You can call it focus. You can call it concentration. You can call it obsessiveness. But what you have to call it is a triumph. And it really was a critical moment in this techie-centered world we now all live in. (The photo below is courtesy of Darren McCollester/Getty.)
Walter Isaacson has a remarkable article on Bill Gates and the birth of the personal computer. The article, “Dawn of a Revolution”, is in the Harvard Gazette.
In it, he described the phenomenal ability of the young Bill Gates at Harvard to focus. The centerpiece of his article is the eight weeks that Bill Gates (with a little help from a couple of well-known friends, especially Paul Allen) invested in developing “the BASIC interpreter for inclusion on all Altair machines.” Eight weeks of completely ignoring everything except the task at hand. It had to be finished fast. And he got it done.
Here are the key excerpts:
Gates began to rock back and forth, as he often did during moments of intensity. When he finished the article, he realized that Allen was right. For the next eight weeks, the two of them embarked on a frenzy of code writing that would change the nature of the computer business.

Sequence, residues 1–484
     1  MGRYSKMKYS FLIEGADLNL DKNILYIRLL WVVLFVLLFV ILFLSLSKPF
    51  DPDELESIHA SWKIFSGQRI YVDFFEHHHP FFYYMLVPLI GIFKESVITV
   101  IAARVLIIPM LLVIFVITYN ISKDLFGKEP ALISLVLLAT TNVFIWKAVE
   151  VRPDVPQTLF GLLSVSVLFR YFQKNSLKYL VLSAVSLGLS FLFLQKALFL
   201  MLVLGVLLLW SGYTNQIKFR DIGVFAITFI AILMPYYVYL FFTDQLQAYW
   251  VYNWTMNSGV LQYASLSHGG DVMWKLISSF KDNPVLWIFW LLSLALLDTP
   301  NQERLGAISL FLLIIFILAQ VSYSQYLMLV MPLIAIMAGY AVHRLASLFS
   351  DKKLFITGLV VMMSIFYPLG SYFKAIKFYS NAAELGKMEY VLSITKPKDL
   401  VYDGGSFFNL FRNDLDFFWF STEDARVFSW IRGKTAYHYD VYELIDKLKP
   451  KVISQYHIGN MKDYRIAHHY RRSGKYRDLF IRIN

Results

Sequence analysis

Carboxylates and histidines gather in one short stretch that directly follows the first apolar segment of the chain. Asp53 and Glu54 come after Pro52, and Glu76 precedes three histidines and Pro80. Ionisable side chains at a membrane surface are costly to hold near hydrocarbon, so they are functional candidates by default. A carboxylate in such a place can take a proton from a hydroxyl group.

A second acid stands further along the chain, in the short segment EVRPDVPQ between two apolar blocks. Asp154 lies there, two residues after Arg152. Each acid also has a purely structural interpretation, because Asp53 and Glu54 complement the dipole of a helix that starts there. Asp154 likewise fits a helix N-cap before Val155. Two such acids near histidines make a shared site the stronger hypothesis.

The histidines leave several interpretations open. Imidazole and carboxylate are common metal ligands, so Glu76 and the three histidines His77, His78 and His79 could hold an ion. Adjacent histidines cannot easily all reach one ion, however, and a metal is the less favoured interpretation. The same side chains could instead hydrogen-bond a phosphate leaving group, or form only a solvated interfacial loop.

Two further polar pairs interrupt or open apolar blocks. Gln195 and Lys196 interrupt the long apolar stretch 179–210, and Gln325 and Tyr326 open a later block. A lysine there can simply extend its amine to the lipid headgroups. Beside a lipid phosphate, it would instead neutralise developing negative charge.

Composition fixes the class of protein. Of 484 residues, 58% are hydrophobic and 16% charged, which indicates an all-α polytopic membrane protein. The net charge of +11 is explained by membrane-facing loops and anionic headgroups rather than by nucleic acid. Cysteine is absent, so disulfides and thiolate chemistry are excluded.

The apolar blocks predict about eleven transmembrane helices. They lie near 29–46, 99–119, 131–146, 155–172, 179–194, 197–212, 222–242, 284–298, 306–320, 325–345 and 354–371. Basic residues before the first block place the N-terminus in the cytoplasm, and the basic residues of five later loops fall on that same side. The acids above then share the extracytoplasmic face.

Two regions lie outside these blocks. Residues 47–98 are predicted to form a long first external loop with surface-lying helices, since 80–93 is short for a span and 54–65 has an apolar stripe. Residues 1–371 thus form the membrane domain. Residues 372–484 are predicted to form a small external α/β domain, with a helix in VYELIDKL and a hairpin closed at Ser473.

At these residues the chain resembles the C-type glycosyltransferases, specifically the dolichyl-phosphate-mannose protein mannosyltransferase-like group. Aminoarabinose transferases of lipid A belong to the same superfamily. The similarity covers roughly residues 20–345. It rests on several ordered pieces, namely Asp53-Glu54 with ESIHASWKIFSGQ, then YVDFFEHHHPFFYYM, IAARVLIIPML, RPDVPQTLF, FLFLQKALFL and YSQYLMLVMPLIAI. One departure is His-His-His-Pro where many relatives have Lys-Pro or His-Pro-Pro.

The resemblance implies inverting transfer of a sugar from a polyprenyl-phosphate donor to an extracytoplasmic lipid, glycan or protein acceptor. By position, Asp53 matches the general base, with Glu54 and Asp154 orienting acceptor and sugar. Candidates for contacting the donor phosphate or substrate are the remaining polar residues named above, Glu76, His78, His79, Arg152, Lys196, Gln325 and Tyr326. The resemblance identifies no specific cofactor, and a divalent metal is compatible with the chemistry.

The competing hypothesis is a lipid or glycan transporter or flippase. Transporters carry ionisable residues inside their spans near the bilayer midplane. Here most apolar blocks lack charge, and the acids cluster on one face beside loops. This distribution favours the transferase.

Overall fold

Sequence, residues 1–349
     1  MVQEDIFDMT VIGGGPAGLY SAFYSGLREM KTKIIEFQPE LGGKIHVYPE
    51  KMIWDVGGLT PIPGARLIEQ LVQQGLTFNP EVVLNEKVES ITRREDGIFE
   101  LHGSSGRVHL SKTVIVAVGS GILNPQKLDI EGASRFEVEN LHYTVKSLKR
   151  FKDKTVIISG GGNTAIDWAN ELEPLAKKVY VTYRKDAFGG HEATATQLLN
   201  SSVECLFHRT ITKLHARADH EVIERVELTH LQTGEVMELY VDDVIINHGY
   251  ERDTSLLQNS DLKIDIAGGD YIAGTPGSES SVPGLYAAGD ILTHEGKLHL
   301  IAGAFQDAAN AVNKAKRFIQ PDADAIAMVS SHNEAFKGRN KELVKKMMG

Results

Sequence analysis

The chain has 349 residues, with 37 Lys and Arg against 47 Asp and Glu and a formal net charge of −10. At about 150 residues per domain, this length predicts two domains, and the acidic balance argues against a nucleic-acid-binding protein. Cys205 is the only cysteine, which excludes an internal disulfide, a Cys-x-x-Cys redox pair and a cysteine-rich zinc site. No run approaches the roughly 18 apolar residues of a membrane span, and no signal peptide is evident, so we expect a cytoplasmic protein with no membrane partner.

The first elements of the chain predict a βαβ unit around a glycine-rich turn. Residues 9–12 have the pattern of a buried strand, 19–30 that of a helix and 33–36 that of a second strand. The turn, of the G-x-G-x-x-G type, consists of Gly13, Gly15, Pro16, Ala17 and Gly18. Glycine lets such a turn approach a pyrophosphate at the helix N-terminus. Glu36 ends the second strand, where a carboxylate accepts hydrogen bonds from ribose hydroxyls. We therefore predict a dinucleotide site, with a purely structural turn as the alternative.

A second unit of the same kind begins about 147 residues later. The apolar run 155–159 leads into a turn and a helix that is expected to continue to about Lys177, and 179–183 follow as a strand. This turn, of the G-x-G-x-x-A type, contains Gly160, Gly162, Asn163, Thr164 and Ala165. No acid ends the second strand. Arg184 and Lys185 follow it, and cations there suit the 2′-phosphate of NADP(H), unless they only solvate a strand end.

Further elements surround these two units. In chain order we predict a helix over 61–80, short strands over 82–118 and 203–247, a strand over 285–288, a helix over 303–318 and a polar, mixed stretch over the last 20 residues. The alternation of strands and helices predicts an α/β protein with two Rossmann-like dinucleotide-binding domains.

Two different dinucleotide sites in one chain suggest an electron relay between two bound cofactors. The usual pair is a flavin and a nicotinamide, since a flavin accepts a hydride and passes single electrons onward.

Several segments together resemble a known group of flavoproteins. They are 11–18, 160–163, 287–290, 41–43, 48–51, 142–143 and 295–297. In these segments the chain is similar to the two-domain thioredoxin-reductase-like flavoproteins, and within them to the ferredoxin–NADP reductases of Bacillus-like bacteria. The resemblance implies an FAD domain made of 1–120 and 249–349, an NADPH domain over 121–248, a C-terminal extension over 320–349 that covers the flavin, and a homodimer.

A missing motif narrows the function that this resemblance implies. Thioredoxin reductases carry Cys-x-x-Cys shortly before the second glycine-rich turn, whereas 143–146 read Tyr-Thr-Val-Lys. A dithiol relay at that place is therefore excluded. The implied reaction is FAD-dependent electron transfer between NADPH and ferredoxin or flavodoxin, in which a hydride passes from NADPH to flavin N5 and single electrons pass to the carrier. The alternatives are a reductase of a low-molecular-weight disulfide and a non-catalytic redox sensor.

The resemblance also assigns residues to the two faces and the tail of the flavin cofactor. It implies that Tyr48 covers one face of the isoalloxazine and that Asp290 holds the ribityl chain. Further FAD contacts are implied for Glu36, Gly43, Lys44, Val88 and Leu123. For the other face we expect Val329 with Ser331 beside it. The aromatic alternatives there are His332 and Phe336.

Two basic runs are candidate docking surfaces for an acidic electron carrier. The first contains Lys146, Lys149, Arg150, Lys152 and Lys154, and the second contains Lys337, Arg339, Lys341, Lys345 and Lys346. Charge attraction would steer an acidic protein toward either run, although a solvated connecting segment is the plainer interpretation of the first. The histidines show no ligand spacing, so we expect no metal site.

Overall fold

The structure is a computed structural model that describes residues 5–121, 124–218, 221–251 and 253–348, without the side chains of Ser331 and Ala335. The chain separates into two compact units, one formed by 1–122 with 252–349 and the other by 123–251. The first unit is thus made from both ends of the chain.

Gates ignored the exam cramming he was supposed to be doing and even stopped playing poker. For eight weeks, he, Allen, and Davidoff holed up day and night at the Aiken lab making history. Occasionally they would break for dinner at Harvard House of Pizza or at Aku Aku, an ersatz Polynesian restaurant. In the wee hours of the morning, Gates would sometimes fall asleep at the terminal. “He’d be in the middle of a line of code when he’d gradually tilt forward until his nose touched the keyboard,” Allen said. “After dozing an hour or two, he’d open his eyes, squint at the screen, blink twice, and resume precisely where he’d left off — a prodigious feat of concentration.”
At night they would fan out the printouts onto the floor and search for ways to make it more elegant and compact. By late February 1975, after eight weeks of intense coding, they got it down, brilliantly, into 3.2K.
Eight weeks of absolute devotion to the task at hand—whatever it takes to be successful. There is a lesson here: to be successful, one has to focus and concentrate on the task at hand until it is finished.
You know, I’m not sure I’ve ever spent that amount of time on any task with anything close to that kind of concentration. I’m feeling just a little intimidated…
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